2 weeks ago
  • Green Party welcomes new approach to delivering light rail
    The Green Party welcomes the decision to not proceed with Public Public Investment (PPI) delivery of Auckland’s light rail project and to instead run the process through the public service. ...
    2 weeks ago
  • New Zealand First welcomes PGF investment in Wairarapa Water
    Hon Ron Mark, New Zealand First List MP based in the Wairarapa New Zealand First List MP Hon Ron Mark welcomes the announcement of Provincial Growth Funding investment of $1.4 million to help secure the Wairarapa’s water supply. The funding boost will allow the Greater Wellington Regional Council (GWRC), and ...
    2 weeks ago
  • New Zealand First MP Mark Patterson selected as candidate for Taieri
    New Zealand First list MP Mark Patterson has been selected to represent the party in the newly formed Taieri electorate at the upcoming election. Mr Patterson, his wife Jude and two daughters farm sheep and beef at Lawrence and Waitahuna. He previously stood in the Clutha-Southland electorate however boundary changes ...
    2 weeks ago
  • Ground-breaking on NZ Post depot
    Hon Shane Jones, Associate Minister for State Owned Enterprises A new ‘super depot’ to be built for NZ Post in Wellington will create around 350 jobs during construction, Associate Minister for State Owned Enterprises Shane Jones says. Shane Jones today attended a ground-breaking and blessing ceremony for the parcel-processing depot ...
    2 weeks ago
  • Week That Was: Putting our economic plan into action
    Our strong economic management prior to COVID-19 - with surpluses, low debt and near-record-low unemployment - put us in a good position to weather the impact of the virus and start to rebuild our economy much earlier than many other countries. Now we're putting our plan to recover and rebuild ...
    2 weeks ago
  • Fleeing drivers hit new record-high yet again
    Darroch Ball MP, New Zealand First Spokesperson for Law and Order Recently released Police fleeing driver statistics have shown yet another increase in incidents with another record-high in the latest quarter. “This new quarterly record-high is the latest in a string of record-high numbers since 2014.  The data shows incidents ...
    2 weeks ago
  • Fletcher Tabuteau selected as candidate for Rotorua
    New Zealand First MP Fletcher Tabuteau is pleased to be confirmed today as the party’s candidate for the Rotorua electorate. Speaking at the Rotorua AGM for New Zealand First, Mr Tabuteau said this is an election that is incredibly important for the people of Rotorua. “The founding principles of New ...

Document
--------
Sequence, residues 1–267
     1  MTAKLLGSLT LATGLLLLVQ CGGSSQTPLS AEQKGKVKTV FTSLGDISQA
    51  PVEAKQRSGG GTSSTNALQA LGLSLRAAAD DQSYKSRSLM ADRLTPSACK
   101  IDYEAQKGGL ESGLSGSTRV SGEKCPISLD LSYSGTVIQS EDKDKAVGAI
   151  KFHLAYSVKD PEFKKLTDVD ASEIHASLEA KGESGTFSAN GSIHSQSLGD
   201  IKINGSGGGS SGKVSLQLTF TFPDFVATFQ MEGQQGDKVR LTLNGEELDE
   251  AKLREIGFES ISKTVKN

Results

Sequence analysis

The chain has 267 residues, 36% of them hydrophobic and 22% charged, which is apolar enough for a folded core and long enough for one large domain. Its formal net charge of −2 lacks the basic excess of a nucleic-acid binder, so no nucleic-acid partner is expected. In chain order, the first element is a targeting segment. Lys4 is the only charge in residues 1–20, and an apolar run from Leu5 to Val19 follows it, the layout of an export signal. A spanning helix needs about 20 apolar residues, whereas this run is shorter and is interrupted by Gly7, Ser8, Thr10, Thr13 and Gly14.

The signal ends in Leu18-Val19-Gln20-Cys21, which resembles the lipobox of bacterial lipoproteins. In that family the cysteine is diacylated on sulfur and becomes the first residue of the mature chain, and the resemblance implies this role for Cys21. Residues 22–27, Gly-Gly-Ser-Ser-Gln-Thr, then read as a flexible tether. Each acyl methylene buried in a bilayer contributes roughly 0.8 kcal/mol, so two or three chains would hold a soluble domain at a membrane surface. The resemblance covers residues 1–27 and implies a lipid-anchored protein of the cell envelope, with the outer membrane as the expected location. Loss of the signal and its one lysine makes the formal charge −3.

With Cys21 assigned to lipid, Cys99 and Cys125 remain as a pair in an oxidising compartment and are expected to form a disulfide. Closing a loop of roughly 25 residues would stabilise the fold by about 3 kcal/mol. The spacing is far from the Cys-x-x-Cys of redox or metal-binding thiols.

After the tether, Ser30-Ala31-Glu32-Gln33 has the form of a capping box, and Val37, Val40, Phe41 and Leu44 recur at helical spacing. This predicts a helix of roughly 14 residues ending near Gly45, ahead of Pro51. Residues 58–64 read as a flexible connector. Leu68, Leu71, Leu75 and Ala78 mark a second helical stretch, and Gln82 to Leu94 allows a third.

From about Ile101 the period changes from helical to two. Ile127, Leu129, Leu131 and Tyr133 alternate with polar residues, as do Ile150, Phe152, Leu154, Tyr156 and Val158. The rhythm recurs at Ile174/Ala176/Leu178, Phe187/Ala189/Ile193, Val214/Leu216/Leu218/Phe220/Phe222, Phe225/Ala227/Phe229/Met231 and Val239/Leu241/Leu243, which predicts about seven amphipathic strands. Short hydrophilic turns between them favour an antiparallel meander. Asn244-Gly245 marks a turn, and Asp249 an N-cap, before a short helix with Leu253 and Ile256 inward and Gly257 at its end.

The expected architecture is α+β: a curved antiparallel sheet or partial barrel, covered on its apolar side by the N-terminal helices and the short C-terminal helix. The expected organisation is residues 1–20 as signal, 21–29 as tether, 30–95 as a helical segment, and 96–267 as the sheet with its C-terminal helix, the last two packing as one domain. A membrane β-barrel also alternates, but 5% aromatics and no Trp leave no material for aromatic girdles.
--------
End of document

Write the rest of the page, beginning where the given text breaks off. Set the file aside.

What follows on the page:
2 weeks ago
  • Greens call for Government office to address Rainbow issues following Human Rights Commission report
    The Human Rights Commission’s PRISM report on the issues impacting people based on their sexual orientation, gender identity and expression, and sex characteristics (SOGIESC) provides an excellent programme of work for future governments to follow, say the Greens. ...
    3 weeks ago
  • Winston Peters continues push for trans-Tasman travel as military take control of operations
    Foreign Affairs Minister Winston Peters said the trans-Tasman bubble had not been jeopardised after a border botch-up resulted in New Zealand having two active cases of COVID-19. On Friday, Mr Peters told RNZ's Morning Report he had heard from Australian Prime Minister Scott Morrison that borders for trans-Tasman travel would open by ...
    3 weeks ago
  • Winston Peters on the Government’s Covid-19 border blunder
    Deputy Prime Minister Winston Peters said today he was pleased the army was now running the quarantine and isolation process - up until now it has been the Ministry of Health. Peters told Newstalk ZB's Mike Hosking that the army knew how to introduce and follow protocols and instil discipline. ...
    3 weeks ago
  • New Zealand First’s Ron Mark confirms bid for the Wairarapa seat
    Hon Ron Mark, New Zealand First List MP based in the Wairarapa New Zealand First MP and Minister for Defence and Veteran’s Affairs Ron Mark has confirmed his bid for the Wairarapa seat.“The Coalition Government has done a lot of good work throughout the Wairarapa, but many constituents have told ...
    3 weeks ago
  • New Zealand First welcomes second tranche of candidates
    New Zealand First is pleased to release the names of its next tranche of candidates for the 2020 election. We’re proud to announce these hardworking New Zealanders that have put their hand up to fight for a commonsense and resilient future.Jamie Arbuckle – Kaikoura Mark Arneil – Christchurch Central Jackie ...
    3 weeks ago

  • Keeping ACC levies steady until 2022
    The Government is maintaining current levy rates for the next 2 years, as part of a set of changes to help ease the financial pressures of COVID-19 providing certainty for businesses and New Zealanders, ACC Minister Iain Lees-Galloway says. “New Zealanders and businesses are facing unprecedented financial pressures as a ...
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    15 hours ago
  • Extended loan scheme keeps business afloat
    Small businesses are getting greater certainty about access to finance with an extension to the interest-free cashflow loan scheme to the end of the year. The Small Business Cashflow Loan Scheme has already been extended once, to 24 July. Revenue and Small Business Minister Stuart Nash says it will be ...
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    2 days ago
  • New investment creates over 2000 jobs to clean up waterways